So, to that evening food. Because we found The Dolphin Suites to be so utterly relaxing, on a couple of occasions we left the pool area quite late and didn’t fancy moving too far from our little Garden Suite. I was told that they offered a “bar snack” selection in the evening and so on the first night we chose to opt for this, we thought we’d get not much more than crisps, nuts etc.

Oh, my word. How wrong were we?

Forget bar snacks, and think more exceptionally well cooked, innovative and beautifully presented street food. Over the course of our stay, we actually ate here three nights – obviously meaning that we do need to return to Veli Lošinj, to closer explore the restaurants. The manager – a lovely, lovely Dutch guy called Marnix – has completely nailed it, we think, on the food front. We tried a variety of dishes. On the first night, we went a bit tapas style with mixed cheeses, olives, veggie nachos, potatoes and dips, and it was more than enough. But our interest had been piqued by the mention on the menu of Flammkuchen, described to us as kind of German pizza. A bit more delving and we discovered that flammekueche, or tarte flambée, is a speciality of the region of Alsace in France, on the German border. It is composed of bread dough rolled out very thinly in the shape of a rectangle or oval, which is covered with fromage blanc or crème fraîche, and then toppings added. Similar to a white pizza, but also very different. The toppings we chose were rocket, rocquefort & pear and proscuitto, feta & rocket. Astoundingly delicious. And, absolutely nothing what we imagined a “German pizza” was going to be…

As were eating our Flammkuchen, a couple at a nearby table were served something with such a delicious aroma that we had to ask about it. “Stew”. Now, I love a stew, so I was sold on this and decided on our last night, we’d eat here again and try this. Also on the menu was Indonesian Chicken Soup, so we thought in-for-a-penny-in-for-a-pound. We do largely stick to a vegetarian diet but can sometimes be swayed by a good meat dish – and these were very, very good. The soup was wonderfully spicy, with lean, lean chicken fillet pieces – replicated a few times since we’ve returned. And the stew – oh, wow. The tenderest, tenderest cubes of beef, in a rich wine sauce, with potatoes and carrots – and served in a hollowed out bun. A great touch, as it soaked up the juices. No photos of these dishes however, as they were wolfed down so quickly. Testimony to how good they were. So, there you go – “bar food”…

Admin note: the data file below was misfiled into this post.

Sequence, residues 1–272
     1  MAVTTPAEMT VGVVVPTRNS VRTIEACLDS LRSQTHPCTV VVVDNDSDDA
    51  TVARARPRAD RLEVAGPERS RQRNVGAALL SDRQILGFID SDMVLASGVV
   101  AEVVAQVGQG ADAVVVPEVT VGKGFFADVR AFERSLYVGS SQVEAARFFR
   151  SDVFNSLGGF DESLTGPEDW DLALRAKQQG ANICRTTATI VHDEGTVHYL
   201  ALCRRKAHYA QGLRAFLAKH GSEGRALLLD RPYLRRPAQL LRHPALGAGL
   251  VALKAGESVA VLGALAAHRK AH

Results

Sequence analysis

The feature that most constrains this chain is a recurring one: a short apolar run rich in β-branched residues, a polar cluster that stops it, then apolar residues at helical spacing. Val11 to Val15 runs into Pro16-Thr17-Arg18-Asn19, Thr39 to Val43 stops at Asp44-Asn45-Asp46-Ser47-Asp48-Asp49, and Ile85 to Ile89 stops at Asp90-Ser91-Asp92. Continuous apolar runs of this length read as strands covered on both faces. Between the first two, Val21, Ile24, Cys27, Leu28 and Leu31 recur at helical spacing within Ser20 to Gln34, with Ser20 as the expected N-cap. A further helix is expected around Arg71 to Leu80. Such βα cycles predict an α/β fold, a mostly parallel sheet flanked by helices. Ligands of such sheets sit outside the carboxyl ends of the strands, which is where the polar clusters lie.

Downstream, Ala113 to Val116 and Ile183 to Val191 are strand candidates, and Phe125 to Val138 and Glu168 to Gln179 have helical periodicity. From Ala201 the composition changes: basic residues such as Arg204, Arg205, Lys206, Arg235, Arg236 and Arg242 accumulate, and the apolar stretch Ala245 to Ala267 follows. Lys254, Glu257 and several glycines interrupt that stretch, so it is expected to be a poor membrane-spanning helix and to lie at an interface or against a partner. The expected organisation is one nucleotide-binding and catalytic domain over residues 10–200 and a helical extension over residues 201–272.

The privacy afforded by the Garden Suite was perfect for us. All other rooms are accessed via the main reception, but we were able to just head around the corner and into our own space. No meeting other people, unless we wanted to. And with a little outside area, with very comfy furniture, which was perfect for an early evening vino and a listen to our own music. The room was spacious and like the rest of the accommodation, sparklingly clean. The shower was powerful and very spacious and the toilet was separate to the washing area. We have absolutely no complaints about the level of accommodation – and we (“I”) am very fussy – and would more than happily return to this suite.

Photos : www.booking.com

Photos : www.booking.com

Parking is free of charge, in a public (but very safe) car park nearby, and the harbour is a ten minute walk away from The Dolphin Suites. Veli Lošinj is tiny – the port, which is where you’d want to be, can be explored in under an hour. But you would then want to re-explore and re-visit as it’s just so very beautiful. We’re now looking forward to returning to the island in the autumn, to discover what life is like, when it’s not quite as hot…